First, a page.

World first regenerative ag major offered

By: Andrew Hobbs

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Online Bachelor’s degree will take a whole-of-system approach to food production and farm management.

World first regenerative ag major offered
Dr Hanabeth Luke is course co-ordinator of the Regenerative Agriculture major in Southern Cross University’s Bachelor of Science.

 

Southern Cross University is offering a regenerative agriculture major to science students in a move it says will help land managers better tackle the impacts of climate change.

Hanabeth Luke, the course co-ordinator of the new Bachelor of Science major, says the degree offers students a different way of thinking about land management.

"This degree is about teaching students to work with the land to better support natural systems, so farming can become more resilient, supported by those natural systems," she says.

"It is about shifting the question from: ‘My soil is not performing so well, what do I put on it?’, to: ‘how can I support the natural processes of my land, so that they can support me better – for the long term?’"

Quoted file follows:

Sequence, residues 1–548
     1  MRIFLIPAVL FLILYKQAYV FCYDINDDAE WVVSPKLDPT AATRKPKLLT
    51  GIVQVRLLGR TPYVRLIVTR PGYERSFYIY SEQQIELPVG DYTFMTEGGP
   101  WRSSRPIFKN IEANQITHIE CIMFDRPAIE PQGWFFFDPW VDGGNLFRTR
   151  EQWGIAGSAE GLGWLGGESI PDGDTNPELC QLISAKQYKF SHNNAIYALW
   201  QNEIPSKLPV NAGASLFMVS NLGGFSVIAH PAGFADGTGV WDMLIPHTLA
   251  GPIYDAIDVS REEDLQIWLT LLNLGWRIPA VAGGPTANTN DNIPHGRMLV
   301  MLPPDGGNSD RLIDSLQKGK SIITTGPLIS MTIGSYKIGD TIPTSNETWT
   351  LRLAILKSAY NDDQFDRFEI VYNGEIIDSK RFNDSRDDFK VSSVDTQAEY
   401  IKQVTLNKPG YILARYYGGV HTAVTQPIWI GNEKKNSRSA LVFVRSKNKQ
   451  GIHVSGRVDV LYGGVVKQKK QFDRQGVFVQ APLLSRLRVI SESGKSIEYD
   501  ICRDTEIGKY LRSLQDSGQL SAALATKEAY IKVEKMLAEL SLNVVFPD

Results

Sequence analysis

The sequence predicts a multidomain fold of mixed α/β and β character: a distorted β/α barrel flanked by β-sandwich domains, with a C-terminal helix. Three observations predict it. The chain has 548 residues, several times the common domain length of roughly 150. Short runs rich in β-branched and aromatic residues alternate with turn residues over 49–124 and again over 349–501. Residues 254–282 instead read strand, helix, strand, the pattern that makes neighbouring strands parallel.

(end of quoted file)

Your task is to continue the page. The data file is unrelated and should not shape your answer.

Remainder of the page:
Dr Luke says she expects the course will appeal both to school leavers and people already in agricultural industries.

"We’ve had over 250 inquiries so far, with a great number of people who are saying the same thing: whatever we’ve been doing on the land is clearly not working, it’s just not sustainable – and we need to go beyond that," she says.


One UK university is helping run a project that recently farmed one hectare without a human setting foot into the paddock. Click here to read more


Southern Cross University’s Regenerative Agricultural Alliance (RAA) helped to bring together leading researchers and practitioners to help develop the new major, including consultations with Dark Emu author Bruce Pascoe, Call of the Reed Warbler author Charles Massy, researcher Terry McCosker and Kerry Cochrane, who the university says has been instrumental in designing the degree.

RAA founder and Southern Cross University director of Strategic Projects Lorraine Gordon says she is "ecstatic" to see the major come to fruition.

"The way we teach agriculture hasn’t changed in 30 years so it’s about time we taught students to think in a holistic manner and use all the tools in the box to solve the very complex problems we face in managing our landscapes," she says.

A Bachelor of Science from Southern Cross University takes three years full time and six years part time to complete, with on-farm practical sessions and field-based residential placements also included in the course.

Classes begin in February and will be delivered entirely online by the Lismore-based university, with mid-year applications also available for a July intake.

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